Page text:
Tuesday, 14 March 2017

Discourse Analysis and Its Advantage and Disadvantage

What is Discourse Analysis

Discourse Analysis
Discourse Analysis

Discourse analysis is a more recently developed qualitative technique that has been used to study public relations communication.
At the risk of oversimplification, discourse analysis examines the organization of language at a level of analysis beyond the clause or the sentence. It focuses on larger linguistic units, such as whole conversations or written messages. Discourse analysis is also concerned with the way language is used in social contexts and how people make sense of one another’s messages. As summarized by van Dijk (1997), discourse analysis examines who uses language, how, why, and when.

Daymon and Holloway (2002) suggest that researchers who use discourse analysis analyze three specific aspects of language:
1. The form and content of the language used
2. The ways people use language to communicate ideas and beliefs
3. Institutional and organizational factors that might shape the way the language is used

Data collection in discourse analysis involves gathering examples of texts and messages that are relevant to the problem being investigated. These may consist of existing documents, such as speeches by company executives, press releases, internal memos, and advertisements. In addition, the researcher can generate new data by conducting interviews with key informants.
There is no concrete set of procedures for conducting a discourse analysis. Data analysis usually consists of focusing on large segments of language to identify key words, themes, imagery, and patterns in the text.
In addition, the researcher might conduct a rhetorical analysis that looks at how various arguments are constructed and arranged within a given body of language. Finally, the investigator should pay special attention to the context of the language, examining such factors as who is speaking, the circumstances surrounding the message, and the intended audience.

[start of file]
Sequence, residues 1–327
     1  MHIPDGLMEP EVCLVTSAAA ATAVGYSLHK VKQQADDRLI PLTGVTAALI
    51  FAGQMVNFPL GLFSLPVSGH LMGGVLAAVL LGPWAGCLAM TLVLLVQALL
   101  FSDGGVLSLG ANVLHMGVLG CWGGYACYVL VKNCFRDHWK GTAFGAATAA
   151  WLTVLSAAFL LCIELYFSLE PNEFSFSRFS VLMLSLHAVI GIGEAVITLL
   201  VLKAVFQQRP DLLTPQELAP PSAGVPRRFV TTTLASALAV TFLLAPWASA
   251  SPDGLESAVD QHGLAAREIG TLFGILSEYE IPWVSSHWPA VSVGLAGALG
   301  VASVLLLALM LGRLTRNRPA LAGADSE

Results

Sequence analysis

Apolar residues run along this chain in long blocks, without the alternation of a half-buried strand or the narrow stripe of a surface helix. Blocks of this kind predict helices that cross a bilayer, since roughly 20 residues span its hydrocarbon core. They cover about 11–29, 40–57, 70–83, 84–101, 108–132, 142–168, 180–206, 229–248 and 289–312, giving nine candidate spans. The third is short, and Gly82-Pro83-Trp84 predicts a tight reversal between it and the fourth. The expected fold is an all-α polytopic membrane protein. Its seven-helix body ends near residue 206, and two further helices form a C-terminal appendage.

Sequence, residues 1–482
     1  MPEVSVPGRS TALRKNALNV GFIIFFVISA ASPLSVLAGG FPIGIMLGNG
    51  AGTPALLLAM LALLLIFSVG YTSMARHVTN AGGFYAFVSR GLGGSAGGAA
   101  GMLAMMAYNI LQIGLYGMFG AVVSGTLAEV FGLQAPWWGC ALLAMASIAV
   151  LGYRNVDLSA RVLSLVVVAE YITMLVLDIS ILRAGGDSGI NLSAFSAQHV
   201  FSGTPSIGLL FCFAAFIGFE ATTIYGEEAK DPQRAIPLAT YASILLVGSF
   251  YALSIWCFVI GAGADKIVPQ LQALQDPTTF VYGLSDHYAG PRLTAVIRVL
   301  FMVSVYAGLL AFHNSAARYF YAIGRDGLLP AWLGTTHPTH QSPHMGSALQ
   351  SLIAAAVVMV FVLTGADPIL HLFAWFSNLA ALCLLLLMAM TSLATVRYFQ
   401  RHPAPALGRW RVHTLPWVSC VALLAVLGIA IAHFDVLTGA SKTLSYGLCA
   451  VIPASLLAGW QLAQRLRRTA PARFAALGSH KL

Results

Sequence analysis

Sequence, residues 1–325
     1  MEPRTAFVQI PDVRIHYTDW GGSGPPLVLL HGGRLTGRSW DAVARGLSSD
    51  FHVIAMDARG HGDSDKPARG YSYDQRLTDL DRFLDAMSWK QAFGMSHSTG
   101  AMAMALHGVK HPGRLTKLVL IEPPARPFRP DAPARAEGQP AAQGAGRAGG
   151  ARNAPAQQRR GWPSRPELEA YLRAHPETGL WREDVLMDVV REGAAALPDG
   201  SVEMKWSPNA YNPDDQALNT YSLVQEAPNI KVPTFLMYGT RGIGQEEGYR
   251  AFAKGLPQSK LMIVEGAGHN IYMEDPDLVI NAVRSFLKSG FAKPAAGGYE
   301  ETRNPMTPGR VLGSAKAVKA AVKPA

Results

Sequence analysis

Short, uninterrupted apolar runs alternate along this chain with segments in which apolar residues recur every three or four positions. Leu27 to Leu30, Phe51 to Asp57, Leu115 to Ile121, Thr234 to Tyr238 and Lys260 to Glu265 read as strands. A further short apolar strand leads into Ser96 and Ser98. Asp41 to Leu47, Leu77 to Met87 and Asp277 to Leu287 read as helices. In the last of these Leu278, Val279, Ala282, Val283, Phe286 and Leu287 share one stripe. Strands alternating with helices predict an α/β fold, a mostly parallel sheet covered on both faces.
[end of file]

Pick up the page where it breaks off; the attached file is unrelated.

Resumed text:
Levin and Behrens (2003), for example, presented a discourse analysis of Nike’s internal and external communications.
They analyzed such linguistic structures as semantic association, opposites, degradation, genre manipulation, pronoun selection, obfuscation, slanting, speech acts, restricted style, and metaphor. They found that during the height of Nike’s popularity, both company literature and press reports contained a preponderance of positive imagery. However, this changed when the company was accused of unfair labor practices. The press abandoned its positive portrayal and used the same linguistic devices to create a more negative image. In another example, Holtzhausen and Voto (2002) conducted a discourse analysis of interviews conducted with public relations professionals and found that many were endorsing postmodern values. Finally, Brooks and Waymer (2009) used discourse analysis to examine Crystallex International
Corporation’s mining operations in South America. They looked at press release archives, news and advertising archives of Venezuelan newspapers, and the archives of specialized media in the mining area. They found that the company’s public relations efforts improved once it started emphasizing corporate responsibility.

Advantages and Disadvantages.

Discourse analysis can be used to study different situations and subjects. It allows public relations researchers to uncover deeply held attitudes and perceptions that are important in an organization’s image and communication practices that might not be uncovered by any other methods.
On the other hand, discourse analysis can take large amounts of time and effort.

A second disadvantage is that this technique focuses solely on language. Although language may be an important component of public relations practice, it rarely tells the whole story. Consequently, discourse analysis should be supplemented by other qualitative techniques such as observation or focus group interviewing.